This experience led me to ponder another somewhat difficult problem: How exactly am I going to export all of my existing web content into one or more directories full of individual markdown files that are easy to read?
I know I can export everything I’ve done in WordPress into XML files. But is there a utility to convert that XML into Markdown files? I don’t know offhand, but I would guess it’s unlikely.
I happen to have some familiarity with WordPress XML files. I wrote some tools once to export blog posts from my old, custom, home-grown blog into a WordPress XML format so that I could import them into WordPress. It’s within my skillset to write a tool to convert WordPress XML files into individual Markdown files. I don’t particularly want to do that if I can help it, so I’m going to start searching for an existing utility as soon as I finish typing this paragraph.
In moments, I found this: One-click WordPress plugin that converts all posts, pages, taxonomies, metadata, and settings to Markdown and YAML which can be dropped into Hugo. Hugo is a static site generator, but hopefully I can finagle the files for my own purposes as well. (A brief perusal of the instructions suggests that it is far more complicated than a “one-click” solution. “Simply install a local copy of your WordPress blog.” Ha!)
(I just now learned that “finagle” has a far more sinister definition than I thought. I always thought it meant something similar to “jerry-rig.”)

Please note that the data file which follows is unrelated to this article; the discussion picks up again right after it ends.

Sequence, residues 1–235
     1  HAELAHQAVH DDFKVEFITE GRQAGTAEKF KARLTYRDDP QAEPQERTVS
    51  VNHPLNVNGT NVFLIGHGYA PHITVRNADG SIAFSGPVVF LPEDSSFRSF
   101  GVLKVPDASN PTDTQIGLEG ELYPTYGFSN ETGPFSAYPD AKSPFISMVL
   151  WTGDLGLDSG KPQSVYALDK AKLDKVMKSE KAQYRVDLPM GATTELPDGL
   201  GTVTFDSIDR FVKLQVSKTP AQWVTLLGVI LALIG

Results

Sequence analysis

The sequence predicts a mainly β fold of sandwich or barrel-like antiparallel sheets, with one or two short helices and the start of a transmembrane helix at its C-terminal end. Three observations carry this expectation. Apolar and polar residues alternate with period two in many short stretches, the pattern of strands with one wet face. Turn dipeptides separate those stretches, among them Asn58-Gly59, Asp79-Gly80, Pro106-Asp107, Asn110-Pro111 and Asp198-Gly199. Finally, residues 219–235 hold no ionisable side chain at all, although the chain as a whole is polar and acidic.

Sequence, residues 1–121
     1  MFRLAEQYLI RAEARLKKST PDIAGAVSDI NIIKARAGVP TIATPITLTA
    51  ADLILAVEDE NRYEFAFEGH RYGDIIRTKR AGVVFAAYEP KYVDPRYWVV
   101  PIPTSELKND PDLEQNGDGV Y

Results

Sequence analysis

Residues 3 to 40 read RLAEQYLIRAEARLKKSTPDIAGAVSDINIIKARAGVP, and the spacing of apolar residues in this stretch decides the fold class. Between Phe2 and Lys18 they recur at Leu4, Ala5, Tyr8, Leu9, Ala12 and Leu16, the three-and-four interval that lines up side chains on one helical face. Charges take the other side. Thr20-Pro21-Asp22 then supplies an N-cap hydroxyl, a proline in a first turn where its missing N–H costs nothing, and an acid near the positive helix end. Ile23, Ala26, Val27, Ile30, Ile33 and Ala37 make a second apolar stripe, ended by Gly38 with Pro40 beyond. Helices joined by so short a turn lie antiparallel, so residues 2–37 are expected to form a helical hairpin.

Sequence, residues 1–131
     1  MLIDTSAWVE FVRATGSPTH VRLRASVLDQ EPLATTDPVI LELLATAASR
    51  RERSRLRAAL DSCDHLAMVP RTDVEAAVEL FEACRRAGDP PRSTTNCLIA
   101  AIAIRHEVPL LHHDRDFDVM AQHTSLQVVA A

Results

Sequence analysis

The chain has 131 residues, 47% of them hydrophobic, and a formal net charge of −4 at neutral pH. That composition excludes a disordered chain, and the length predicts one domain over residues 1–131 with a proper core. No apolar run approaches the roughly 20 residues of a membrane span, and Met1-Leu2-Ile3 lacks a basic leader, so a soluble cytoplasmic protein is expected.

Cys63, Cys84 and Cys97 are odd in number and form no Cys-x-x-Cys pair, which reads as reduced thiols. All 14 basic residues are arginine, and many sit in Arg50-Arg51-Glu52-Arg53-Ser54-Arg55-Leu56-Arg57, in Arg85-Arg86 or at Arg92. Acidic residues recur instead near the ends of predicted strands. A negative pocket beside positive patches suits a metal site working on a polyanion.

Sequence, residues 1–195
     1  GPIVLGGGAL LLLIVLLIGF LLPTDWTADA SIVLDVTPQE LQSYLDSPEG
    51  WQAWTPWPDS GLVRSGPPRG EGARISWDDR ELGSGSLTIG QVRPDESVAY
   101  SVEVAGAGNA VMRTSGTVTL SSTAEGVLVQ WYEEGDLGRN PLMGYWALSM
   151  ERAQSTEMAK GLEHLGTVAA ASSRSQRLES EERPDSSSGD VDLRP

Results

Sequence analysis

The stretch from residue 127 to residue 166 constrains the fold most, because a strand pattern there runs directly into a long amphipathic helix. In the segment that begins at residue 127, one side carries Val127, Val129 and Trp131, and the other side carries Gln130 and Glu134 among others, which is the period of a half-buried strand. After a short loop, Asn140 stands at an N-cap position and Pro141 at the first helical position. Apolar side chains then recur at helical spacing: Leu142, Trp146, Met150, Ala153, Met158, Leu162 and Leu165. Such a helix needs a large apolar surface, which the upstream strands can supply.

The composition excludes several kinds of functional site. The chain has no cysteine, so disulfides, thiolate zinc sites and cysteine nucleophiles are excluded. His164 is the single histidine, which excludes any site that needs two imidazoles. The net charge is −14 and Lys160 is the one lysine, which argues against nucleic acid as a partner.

Next I found this: Exporting WordPress Posts To Markdown. That post is really interesting because it looks like the author went through a blog restructuring process similar to what I’m contemplating. I like his conclusion:
It was a painful process but luckily the worst is behind me. Now I just need to finish automating a couple manual processes and blogging will be fun again.
“Making blogging fun again” is basically my end goal here. Right now, it’s a lot of tedious work.
The point is, thankfully it looks like I’ll have some WordPress-to-Markdown options to leverage without having to write it myself.
Also, I keep seeing Hugo come up as a blogging solution. I’m not ready to investigate “static site generators” yet but maybe I’ll circle back to it eventually. They seem to be pretty trendy now among the programming technorati.
What Have We Learned?
Pico and Grav probably aren’t going to work out of the box.
I need a tool to convert WordPress XML files into directories of individual plain text Markdown files.
I don’t exactly know if Markdown is supposed to be capitalized or not.
The project goals still seem hopelessly unreachable.
Most likely I will try to install Kirby CMS. It claims to be a “content management system that adapts to your projects like no other.” We’ll just see about that.
This post is part of The Quest for The One Blog. Next up: Part 5.